The past couple of weeks, raw milk has been dominating the news. This spring, consumer groups took to Washington to protest the restrictions against raw milk sales. While these groups lobby for greater availability of raw milk and raw dairy products, we recently received harsh reminders on the food safety risk of consuming unpasteurized milk.
This week, the Food and Drug Administration along with two North Carolina agencies says three definite and five likely cases of a bacterial ailment have been linked to raw milk from a York, S.C. dairy farm.Alaska reported this recently that several people became sick after drinking raw milk from a Point MacKenzie dairy that sells cow shares. The Anchorage Daily News reported the four cases resulted in serious gastrointestinal illnesses.
The Michigan Department of Community Health issued a warning after three people came down with Q fever, caused by infection with the bacterium Coxiella burnetii after drinking raw milk from a farm west of the Detroit metro region.
Last month, Wisconsin had 16 people get sick from consuming raw milk at an after-school party.
These cases are reminders of the risks that come with drinking raw milk. What is alarming is the almost mythical attributes some people attribute to raw milk. Take a cruise across the Web with your favorite search engine, and the items pop up proclaiming people’s love affair with milk in the raw. Read the comment sections, and it is an eye-opening experience.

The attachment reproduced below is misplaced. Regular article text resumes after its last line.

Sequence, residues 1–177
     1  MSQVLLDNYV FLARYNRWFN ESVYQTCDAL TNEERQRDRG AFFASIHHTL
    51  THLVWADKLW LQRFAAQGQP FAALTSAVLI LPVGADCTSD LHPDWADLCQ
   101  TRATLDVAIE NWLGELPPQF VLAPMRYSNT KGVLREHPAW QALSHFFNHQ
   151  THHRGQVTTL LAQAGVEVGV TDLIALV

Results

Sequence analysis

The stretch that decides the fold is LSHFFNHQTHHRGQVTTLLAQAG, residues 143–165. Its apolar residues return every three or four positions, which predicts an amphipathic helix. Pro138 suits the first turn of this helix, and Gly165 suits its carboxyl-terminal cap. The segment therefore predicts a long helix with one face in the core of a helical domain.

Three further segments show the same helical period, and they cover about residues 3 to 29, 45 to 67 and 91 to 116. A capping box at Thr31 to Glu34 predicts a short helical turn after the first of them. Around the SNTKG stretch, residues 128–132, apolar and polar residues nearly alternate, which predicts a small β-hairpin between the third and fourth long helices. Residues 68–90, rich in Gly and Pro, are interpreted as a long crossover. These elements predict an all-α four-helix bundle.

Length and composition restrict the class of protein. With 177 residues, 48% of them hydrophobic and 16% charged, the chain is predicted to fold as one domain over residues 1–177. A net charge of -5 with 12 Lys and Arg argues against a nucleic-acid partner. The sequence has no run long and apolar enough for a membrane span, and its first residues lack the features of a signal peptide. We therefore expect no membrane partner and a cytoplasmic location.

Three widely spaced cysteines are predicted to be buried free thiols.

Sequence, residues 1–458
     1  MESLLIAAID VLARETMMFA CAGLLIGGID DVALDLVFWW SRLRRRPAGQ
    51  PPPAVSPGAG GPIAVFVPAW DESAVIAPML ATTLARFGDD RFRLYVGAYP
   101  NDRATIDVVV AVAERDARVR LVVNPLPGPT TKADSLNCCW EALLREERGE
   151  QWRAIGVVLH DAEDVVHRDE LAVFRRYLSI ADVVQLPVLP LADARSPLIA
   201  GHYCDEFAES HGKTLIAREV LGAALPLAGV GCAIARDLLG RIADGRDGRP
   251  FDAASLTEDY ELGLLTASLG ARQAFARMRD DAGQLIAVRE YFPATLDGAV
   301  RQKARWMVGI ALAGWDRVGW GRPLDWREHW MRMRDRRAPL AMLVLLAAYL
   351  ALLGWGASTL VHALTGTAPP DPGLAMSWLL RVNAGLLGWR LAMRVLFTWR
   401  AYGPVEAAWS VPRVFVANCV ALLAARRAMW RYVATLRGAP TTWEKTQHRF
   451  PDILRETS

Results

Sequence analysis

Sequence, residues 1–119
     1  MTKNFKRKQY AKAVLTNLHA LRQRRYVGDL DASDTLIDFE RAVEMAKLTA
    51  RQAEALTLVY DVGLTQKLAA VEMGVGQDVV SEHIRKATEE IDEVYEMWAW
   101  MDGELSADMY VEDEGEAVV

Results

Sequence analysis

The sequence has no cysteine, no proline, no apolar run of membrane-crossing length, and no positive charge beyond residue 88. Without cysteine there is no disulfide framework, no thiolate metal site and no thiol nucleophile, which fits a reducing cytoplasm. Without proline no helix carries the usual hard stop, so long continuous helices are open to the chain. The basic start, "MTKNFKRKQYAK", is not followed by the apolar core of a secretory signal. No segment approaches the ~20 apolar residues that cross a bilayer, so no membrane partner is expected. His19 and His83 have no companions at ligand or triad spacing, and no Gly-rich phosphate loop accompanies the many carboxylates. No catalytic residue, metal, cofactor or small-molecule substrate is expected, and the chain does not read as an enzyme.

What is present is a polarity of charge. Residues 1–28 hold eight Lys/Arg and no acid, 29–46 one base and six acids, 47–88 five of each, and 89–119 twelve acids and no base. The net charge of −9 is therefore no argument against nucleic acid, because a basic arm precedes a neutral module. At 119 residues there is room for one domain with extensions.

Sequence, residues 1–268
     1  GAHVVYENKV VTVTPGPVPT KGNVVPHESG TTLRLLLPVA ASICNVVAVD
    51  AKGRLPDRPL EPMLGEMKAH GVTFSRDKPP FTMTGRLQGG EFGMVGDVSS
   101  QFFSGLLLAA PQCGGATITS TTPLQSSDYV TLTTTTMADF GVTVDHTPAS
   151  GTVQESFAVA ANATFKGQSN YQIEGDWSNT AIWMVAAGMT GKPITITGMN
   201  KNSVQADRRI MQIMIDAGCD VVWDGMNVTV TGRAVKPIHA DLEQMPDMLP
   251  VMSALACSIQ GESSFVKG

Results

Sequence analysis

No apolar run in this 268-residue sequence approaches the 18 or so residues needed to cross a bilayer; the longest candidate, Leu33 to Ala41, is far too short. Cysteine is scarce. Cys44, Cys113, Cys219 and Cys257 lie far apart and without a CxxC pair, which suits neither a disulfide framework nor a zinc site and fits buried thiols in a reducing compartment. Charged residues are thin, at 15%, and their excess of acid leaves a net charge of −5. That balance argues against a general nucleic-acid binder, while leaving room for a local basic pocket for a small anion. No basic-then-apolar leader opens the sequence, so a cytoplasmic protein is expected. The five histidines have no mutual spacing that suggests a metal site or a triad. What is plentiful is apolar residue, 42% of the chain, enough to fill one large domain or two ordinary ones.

I am not a raw milk hater. Like many farm kids I grew up on milk straight out of the bulk tank. I have several dairy farmer friends who have built their businesses around the raw milk sales model. Others sell raw milk cheeses. Each is licensed and inspected as required by state law.
However, dairy farmers have to remember there is a risk. In 2010, a dairy farm from western Pennsylvania was sued after a customer became ill from Campylobacter jejuni. I am sure being sued never was a part of the farm business plan. The farm developed a business plan to serve a marketplace that desired a raw milk product. And no matter what the outcome from this case, it will most likely have longstanding ramifications for the business.
So, although the Web might showcase the wonders of raw milk, farmers and consumers need to remain aware of the risks to both business and health.
--Charlene M. Shupp Espenshade, Special Sections Editor